You should examine them to ensure they are current. This is especially significant if you are divorced and remarried.

Find a responsible estate administrator.

When you die, your estate administrator or executor will administer your will. You must hire someone accountable and capable of making decisions.

Your spouse is not necessarily the greatest option, as they might be extremely affected by your demise.

You should consider how the emotions surrounding your death will influence this person’s decision-making skills.

If you anticipate any problems, consider other competent candidates. You could name a close friend or family member whom you trust to act impartially on your behalf.

Update your insurance

Life insurance and annuities, like retirement funds, pass directly to your specified beneficiaries. If you have life insurance, ensure your beneficiaries are up-to-date and accurately named.

In terms of timing, this could be the most crucial aspect of your estate plan. Your heirs will require instant access to some of your assets to meet their basic requirements and organize for your burial.

Draft your will

Everyone above the age of eighteen should have a will. This is because it is the rulebook for distributing your possessions, which may avert havoc among your heirs.

It’s best done as soon as you’ve completed all of the above-mentioned documentation. Your list of assets will make it easy to determine who receives what.

A will might appoint a guardian for minor children and specify who will care for your pets. You can also give assets to charitable organizations in your will.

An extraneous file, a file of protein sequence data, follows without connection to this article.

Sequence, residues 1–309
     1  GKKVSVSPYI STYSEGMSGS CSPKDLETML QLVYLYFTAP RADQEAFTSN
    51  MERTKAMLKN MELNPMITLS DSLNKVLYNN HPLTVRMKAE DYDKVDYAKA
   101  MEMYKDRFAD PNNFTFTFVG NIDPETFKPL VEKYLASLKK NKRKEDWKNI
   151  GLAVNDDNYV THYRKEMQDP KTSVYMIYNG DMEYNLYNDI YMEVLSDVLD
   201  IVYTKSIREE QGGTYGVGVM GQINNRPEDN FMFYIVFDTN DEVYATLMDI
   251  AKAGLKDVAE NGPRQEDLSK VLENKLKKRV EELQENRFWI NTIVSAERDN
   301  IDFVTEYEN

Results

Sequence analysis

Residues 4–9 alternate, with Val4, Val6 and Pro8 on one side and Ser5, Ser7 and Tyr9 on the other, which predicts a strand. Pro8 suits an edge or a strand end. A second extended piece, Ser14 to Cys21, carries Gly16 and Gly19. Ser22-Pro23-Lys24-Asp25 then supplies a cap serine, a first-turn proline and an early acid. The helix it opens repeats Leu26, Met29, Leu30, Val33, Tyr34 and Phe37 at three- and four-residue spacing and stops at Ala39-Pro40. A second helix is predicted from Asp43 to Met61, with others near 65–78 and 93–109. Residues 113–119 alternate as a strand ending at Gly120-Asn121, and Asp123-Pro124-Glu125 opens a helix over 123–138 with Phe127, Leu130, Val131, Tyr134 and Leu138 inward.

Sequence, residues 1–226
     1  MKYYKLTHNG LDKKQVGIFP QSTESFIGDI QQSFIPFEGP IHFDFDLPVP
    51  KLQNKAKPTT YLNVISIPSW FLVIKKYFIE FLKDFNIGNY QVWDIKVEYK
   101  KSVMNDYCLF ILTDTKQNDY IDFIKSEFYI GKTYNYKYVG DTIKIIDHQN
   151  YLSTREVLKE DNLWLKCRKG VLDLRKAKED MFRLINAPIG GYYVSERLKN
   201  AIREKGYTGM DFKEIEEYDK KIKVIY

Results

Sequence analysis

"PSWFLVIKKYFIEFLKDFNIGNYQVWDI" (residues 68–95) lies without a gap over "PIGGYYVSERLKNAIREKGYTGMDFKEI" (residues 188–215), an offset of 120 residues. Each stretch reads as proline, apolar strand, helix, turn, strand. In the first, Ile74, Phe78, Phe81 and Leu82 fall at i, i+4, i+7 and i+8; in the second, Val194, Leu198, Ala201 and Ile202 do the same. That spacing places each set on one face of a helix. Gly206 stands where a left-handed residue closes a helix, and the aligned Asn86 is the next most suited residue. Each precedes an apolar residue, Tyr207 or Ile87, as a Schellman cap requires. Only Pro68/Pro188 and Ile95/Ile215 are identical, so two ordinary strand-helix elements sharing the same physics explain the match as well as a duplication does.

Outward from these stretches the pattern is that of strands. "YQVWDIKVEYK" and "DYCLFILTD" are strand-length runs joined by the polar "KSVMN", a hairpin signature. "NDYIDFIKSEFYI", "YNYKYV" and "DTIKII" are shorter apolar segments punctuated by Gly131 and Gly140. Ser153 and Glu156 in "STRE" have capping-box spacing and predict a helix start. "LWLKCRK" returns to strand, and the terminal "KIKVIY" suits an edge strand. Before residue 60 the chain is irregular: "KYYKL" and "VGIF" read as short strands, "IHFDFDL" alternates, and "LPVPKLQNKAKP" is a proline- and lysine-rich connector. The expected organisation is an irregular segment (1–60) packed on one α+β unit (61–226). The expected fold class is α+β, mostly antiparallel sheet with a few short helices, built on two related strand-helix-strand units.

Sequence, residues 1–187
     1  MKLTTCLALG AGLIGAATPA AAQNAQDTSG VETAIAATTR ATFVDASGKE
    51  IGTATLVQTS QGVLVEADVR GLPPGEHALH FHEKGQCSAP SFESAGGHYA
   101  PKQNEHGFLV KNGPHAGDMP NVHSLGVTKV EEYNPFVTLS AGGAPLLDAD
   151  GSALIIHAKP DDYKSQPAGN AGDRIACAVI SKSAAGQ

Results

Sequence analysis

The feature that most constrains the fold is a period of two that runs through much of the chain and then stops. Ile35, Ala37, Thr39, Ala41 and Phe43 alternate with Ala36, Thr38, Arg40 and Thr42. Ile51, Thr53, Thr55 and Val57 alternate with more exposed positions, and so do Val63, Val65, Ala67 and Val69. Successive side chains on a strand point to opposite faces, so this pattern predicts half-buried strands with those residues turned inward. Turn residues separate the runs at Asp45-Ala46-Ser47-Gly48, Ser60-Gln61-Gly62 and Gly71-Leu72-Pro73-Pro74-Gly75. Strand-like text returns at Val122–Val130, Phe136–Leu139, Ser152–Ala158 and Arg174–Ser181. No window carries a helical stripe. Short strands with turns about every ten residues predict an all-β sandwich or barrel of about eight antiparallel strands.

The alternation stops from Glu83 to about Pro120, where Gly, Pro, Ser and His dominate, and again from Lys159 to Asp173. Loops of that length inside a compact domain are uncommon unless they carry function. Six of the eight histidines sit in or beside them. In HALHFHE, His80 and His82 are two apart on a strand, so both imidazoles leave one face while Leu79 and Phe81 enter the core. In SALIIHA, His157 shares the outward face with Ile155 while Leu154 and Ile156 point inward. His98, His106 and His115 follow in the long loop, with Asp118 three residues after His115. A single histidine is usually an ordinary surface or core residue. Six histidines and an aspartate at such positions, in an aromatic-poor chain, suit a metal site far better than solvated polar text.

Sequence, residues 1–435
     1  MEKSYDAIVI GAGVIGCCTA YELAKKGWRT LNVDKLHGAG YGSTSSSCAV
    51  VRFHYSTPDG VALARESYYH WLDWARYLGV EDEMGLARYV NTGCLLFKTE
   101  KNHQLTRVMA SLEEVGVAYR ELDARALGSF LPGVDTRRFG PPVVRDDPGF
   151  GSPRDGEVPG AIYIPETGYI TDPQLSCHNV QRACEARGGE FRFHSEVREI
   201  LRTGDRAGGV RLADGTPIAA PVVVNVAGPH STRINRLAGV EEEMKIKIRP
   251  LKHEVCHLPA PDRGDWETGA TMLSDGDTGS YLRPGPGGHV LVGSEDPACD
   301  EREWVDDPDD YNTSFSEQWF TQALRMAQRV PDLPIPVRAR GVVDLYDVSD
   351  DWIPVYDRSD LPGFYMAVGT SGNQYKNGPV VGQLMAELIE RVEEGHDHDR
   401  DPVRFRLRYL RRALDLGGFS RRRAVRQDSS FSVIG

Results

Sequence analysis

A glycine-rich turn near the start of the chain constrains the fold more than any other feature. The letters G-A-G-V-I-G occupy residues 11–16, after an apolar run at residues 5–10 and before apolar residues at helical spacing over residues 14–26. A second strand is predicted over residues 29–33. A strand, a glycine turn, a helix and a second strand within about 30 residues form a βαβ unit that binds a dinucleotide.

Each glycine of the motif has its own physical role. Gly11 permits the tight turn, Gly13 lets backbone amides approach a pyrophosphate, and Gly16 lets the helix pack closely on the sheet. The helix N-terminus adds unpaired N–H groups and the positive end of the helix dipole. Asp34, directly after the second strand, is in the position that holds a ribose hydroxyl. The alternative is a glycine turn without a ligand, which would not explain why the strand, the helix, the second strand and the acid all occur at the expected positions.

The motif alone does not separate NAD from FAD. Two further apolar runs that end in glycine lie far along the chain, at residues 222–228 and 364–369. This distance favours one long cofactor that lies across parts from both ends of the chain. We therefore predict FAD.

Wills are generally affordable estate-planning documents to create. Your wills and trust attorney Largo will assist you in making a will for a small fee, depending on the complexity of your assets and the geographic region.

You can also create your own will using online tools or software.

When you make a will, sign and date it in front of two unrelated witnesses, who should also sign it, you should then get it notarized.

Finally, ensure that others are aware of the document’s location so that they can access it when necessary.

Simplify your finances

If you’ve changed jobs in the past, you may still have multiple 401(k) retirement plans or IRA accounts with previous companies. If this is the case, you should consider combining these accounts into a single individual IRA.

Consolidating accounts provides better investment options, reduced fees, a more comprehensive range of assets, less paperwork, and easier management for you and your heirs.

Reasons to Update Your Will

Have you already completed your estate planning? Perhaps you’ve completed your last will and Trust? Great! You are already ahead of the pack!

But when did you do this? Do you know when you should examine your Estate Planning paperwork and, if necessary, make adjustments or revisions to your Will?

Its recommended that you find a wills and trust attorney every four or five years and update your will. It’s also highly recommended that you amend your will after each big life event that impacts the course of your life, whether for the better or worse.

Some of the reasons to revise your will include:

Change in marital status

If you were married, you may have named your spouse as a beneficiary in your will. You should revise your will in the event of a divorce, wedding, or death. It is vital to remember that stepchildren are not legally entitled to your property, so keep this in mind when updating your documentation.

You are having health challenges.